Grace to you!
Tim (not his real name) lived a life of immorality that deprived him of inner peace. He knew repentance was necessary. The grace of metanoia (conversion) was knocking at the door.
He realized how awful his past was, and how distasteful is a life lived only for egoistic pleasurable satisfaction. He apologized to his wife for his past indiscretions; and, by the grace of God, started to enjoy the freedom of living a chaste life. Pleasing the Lord in word and in action became his delight.
This new life experience meant reconsidering his relationships and where he hung out also. He knew he had to do this so as not to backslide to old ways. He made new friends in his church; and believed he found the right support system that would enrich his newfound freedom and joy in the Lord.
As days rolled by, Tim realized his friends in church were living a life inconsistent with what they professed. This included infidelity in their marriage bonds to the extent they explained away the biblical truth for holiness of life in matters of conjugal relationship.
Tim was appalled. More shocking was when some among the group told him that everyone does the same thing; meaning, there is no one who is making an honest and consistent effort to live the gospel and respect the sacredness of sexual relationships, which the gospel reserves for marriage.
Faith and moral crisis due to mixed messages from the so-called friends and believers set in for him. Thank God he had a good spiritual director who walked him through Church teachings and reconfirmed his commitment.
How often we see among so-called believers a lifestyle that is audaciously rebellious to the gospel, as if to say faith and life are incompatible.
Saint Paul was aware that after conversion, or baptism into Christ, much work still needs to be done to constantly align our lifestyle to the truth of the gospel. Having encouraged and praised the young church of Thessalonica for their deepened faith and commitment to Christ amidst the sufferings they face (what we shared in our reflection yesterday), Paul switches the gear to reminding them of the life-style of a believer.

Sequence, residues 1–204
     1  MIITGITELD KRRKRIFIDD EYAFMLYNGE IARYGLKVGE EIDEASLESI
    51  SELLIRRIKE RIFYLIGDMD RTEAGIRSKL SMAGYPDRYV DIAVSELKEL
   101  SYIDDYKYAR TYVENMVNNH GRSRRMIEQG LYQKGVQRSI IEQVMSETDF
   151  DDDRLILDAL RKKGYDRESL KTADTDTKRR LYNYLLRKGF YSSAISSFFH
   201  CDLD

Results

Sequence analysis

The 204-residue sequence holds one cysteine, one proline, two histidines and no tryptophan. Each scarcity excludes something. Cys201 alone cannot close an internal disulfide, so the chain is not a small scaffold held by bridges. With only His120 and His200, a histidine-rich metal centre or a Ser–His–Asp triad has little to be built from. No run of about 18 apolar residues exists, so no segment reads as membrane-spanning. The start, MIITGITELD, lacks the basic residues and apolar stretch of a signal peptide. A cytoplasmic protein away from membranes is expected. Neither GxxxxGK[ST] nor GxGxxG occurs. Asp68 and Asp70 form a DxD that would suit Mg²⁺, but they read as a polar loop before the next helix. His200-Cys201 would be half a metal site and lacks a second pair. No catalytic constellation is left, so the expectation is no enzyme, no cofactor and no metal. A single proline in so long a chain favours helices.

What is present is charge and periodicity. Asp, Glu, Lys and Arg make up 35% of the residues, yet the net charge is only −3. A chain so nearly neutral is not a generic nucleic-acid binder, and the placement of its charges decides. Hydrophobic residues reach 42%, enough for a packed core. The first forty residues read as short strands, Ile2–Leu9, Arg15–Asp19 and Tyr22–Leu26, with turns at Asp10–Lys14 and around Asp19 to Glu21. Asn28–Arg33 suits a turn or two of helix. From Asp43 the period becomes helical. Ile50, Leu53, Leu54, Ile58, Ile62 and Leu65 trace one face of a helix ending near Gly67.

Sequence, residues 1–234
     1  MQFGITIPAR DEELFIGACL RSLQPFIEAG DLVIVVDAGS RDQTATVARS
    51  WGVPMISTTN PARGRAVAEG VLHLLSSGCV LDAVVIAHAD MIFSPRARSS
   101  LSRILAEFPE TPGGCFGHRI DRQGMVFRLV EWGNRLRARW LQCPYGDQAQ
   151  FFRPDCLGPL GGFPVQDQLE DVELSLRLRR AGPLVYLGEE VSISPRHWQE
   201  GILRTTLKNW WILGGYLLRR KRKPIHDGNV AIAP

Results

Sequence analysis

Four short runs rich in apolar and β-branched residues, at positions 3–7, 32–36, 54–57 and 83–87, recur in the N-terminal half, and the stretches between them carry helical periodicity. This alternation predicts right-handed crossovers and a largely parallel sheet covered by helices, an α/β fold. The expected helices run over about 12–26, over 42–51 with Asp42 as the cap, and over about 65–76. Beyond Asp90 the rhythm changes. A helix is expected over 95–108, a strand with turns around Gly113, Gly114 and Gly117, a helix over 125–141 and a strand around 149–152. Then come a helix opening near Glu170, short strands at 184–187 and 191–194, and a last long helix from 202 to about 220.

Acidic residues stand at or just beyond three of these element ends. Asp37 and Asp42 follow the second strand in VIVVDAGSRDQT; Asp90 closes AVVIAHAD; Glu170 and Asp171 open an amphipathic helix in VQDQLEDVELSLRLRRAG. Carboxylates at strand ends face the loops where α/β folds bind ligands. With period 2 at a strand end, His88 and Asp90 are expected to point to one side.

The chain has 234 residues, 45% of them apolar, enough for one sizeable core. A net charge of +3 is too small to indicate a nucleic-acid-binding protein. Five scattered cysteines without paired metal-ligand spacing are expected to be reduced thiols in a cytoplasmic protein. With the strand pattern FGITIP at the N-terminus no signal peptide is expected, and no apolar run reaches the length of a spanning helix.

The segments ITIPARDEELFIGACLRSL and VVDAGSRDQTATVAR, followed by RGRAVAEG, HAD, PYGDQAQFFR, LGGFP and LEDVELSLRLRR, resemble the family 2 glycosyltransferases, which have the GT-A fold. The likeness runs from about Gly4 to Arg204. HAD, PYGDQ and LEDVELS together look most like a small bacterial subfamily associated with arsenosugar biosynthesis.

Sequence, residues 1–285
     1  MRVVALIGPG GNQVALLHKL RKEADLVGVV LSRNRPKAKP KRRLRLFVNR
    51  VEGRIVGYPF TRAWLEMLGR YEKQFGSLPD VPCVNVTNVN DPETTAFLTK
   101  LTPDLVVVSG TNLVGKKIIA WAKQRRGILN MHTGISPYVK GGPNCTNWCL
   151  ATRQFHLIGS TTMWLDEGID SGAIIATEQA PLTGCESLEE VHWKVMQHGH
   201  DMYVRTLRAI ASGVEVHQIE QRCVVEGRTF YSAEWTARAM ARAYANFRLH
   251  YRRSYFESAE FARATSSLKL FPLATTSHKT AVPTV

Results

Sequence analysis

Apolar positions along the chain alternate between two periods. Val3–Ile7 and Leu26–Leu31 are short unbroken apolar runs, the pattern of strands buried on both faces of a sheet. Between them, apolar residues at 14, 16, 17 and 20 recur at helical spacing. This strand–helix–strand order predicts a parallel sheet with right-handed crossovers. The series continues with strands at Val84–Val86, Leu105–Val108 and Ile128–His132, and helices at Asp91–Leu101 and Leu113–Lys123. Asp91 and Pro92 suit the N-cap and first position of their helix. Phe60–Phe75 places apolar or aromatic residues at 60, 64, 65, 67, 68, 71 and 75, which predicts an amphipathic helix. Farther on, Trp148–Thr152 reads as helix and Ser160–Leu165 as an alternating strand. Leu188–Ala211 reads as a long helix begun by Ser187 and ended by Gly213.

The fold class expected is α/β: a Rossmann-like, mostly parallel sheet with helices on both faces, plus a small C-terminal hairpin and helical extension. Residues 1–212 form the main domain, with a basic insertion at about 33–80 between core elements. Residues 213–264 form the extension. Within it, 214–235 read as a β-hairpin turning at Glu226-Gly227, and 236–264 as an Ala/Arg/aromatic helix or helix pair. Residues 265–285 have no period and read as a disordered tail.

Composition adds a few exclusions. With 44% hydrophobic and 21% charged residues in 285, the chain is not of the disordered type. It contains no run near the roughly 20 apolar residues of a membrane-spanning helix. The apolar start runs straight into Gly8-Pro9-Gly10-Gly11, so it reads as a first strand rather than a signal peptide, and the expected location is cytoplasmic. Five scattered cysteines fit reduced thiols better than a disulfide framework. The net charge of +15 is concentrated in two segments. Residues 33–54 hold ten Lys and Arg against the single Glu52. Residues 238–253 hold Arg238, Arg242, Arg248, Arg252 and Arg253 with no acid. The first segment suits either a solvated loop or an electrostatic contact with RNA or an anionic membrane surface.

“For this is the will of God,” he says, “your sanctification” (1 Thes 4:3).
He gets specific in explaining what he means by sanctification in this context: Namely, “that you abstain from unchastity; that each one of you know how to control his own body in holiness and honor, not in the passion of lust like heathen who do not know God; that no man transgress, and wrong his brother in this matter” (1 Thes 4:3-5).
In our hyper sexualized world, this message is spot-on. Respecting the sanctity of the sexual act is a mark of holiness. After all, holiness in the first instance means being dedicated to the Lord. If my life is totally dedicated to the Lord, should I not do what pleases God?
As Saint Paul would say, our body is the temple of the Holy Spirit (1 Cor 6:19) and we should live our lives in such a way that in word and in action, it glorifies God. This is possible by the grace of God and He has lavishly bestowed that in us through Christ.
May this Pauline message speak to me and to you today: Honor God in your body.
Praying for those who are trapped in one form or another of immorality, for the grace of freedom and purity. Amen.
God love you. God bless you.
Fr. Maurice Emelu
[Friday Week 21 Ordinary Time A: 1 Thes 4:1-8; Mt 25:1-13]
Author and Goal
Father Maurice Emelu PhD., provides a daily blog of reflections based on the Scriptural readings of the day from the Catholic liturgical calendar. The goal is to teach, inspire, encourage, and foster healing through the grace of God's word. They are written in a language that is appropriate for a general audience. You will find these reflections helpful for your spiritual growth, inspiration, and developing your thoughts. They may also be useful for ministers in preparing their sermons for liturgical celebrations.